Horses are often misunderstood because their size and strength can be intimidating. Frightened folks may stay away from these powerful animals, and completely unfamiliar with these gracious beings, may come to the unsubstantiated assumption that horses wanted little care. Just let them roam freely on green pastures, provide a barrel of clear water, and they will be fine. How wrong they are!
Where to keep a horse is an important decision every horse owner has to face. Some horse keepers have plenty of space and time to care for their horse at home, while others lack property, lead busy careers, and prefer to keep their stallion at a boarding stable with amenities, such as indoor and outdoor arenas, heated tack room, hot/cold wash stall, private paddocks and all-inclusive luxury care. Full board may include blanketing, fly masks, daily turnouts, administering supplements, vaccines, parasite control and routine veterinary check-ups.
Horses need adequate shelter and the outdoor property, including corrals and pastures, needs to be fenced off properly with sturdy, yet safe materials that will not hurt playful or mischievous animals. This means that flimsy or harmful wire fences, particularly barbed wire, are out. The fact that horses are nervous animals, whose initial reaction to unusual sounds and sights is to run away, makes tethering also a very unsafe method to keeping a horse confined.
Horses need more than a home; they also need fresh, clean water, an adequate amount of salt and minerals, and food. The most natural food for horses comes from good quality grazing land. However, horses are selective grazers and their nutritional requirements are high. Optimizing the large amount of food horses need, hay is one of the basic food substitutes for domestic horses. Hard-working horses, pregnant and nursing mares, or growing youngsters will also need concentrates, such as grains, sweet feed, and manufactured nourishment to supplement the hay. The basic rule for feeding horses is to give little, but often.
A horse should always be groomed before being ridden. This will avoid chafing and rubbing of dirt and other hurtful materials and allows horse handlers to check for injuries. Regularly groomed horses have healthier and more attractive coats and will bond easier with their caregiver.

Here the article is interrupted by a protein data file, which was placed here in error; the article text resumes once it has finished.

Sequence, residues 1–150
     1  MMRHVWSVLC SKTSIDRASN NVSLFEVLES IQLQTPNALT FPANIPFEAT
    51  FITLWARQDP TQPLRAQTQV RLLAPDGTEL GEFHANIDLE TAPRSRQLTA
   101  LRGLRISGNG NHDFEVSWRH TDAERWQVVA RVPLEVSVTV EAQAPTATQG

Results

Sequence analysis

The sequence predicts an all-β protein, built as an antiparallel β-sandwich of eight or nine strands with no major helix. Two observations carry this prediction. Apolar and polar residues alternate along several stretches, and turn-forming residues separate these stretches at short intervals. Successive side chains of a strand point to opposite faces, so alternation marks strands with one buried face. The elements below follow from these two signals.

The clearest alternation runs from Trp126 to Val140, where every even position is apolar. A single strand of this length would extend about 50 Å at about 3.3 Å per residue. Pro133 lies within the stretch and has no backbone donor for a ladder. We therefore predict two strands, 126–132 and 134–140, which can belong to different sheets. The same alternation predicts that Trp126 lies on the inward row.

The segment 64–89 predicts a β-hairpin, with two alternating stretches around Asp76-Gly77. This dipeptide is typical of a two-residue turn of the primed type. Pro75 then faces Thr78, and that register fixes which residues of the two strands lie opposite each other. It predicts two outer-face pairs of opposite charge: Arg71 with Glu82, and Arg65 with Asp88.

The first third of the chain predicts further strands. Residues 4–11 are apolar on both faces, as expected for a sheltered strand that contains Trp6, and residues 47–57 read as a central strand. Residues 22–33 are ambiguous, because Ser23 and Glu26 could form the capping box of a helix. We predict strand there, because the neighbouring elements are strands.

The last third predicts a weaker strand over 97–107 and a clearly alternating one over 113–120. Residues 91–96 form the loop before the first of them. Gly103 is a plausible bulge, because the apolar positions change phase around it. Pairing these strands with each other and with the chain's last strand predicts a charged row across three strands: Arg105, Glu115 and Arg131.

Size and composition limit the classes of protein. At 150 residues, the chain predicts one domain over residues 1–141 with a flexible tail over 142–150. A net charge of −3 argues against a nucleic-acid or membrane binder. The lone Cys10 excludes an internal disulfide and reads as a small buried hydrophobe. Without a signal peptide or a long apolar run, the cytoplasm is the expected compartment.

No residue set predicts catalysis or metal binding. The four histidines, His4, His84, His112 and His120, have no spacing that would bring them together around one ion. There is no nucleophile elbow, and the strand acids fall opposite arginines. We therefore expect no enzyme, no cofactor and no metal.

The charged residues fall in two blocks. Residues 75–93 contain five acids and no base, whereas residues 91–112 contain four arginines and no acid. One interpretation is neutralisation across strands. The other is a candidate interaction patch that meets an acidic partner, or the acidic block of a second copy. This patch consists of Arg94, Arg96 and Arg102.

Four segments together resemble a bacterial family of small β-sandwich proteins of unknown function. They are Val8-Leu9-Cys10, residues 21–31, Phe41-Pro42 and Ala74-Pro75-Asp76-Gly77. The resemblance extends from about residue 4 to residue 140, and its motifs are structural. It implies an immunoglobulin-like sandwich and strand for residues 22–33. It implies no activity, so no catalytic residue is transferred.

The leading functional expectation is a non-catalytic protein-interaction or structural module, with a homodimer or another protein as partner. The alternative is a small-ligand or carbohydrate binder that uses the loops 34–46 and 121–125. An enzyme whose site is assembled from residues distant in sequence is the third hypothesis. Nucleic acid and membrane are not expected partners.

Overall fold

Just like humans brush teeth, and clip their nails, horses also need additional care and outside of combs, brushes, and scrapers, the hoof pick is probably one of the most important tools in a horse’s grooming kit. The hooves of a horse need to be cleaned and any stones, mud and dirt need to be removed with a pick. At the same time, worn shoes need to be checked to see if they are still in good condition. Horses and ponies will require routine hoof care by a professional farrier, or equine hoof care specialist. The frequency of these visits will be determined by the work the animal performs, the weather and other living conditions.
Young and active horses need lots of physical activity. Regular exercise builds stamina, endurance, and resistance to disease, and will also improve the horse’s heart. A good run will work the animal’s muscles, and increase tendon and ligament strength.
Of course, there are plenty more activities that can be performed to maintain or increase your horse’s physical and mental condition. It is, like with any other type of relationship; the more work you put in, the deeper and more exciting your friendship with your horse will grow, and the more he or she will trust you.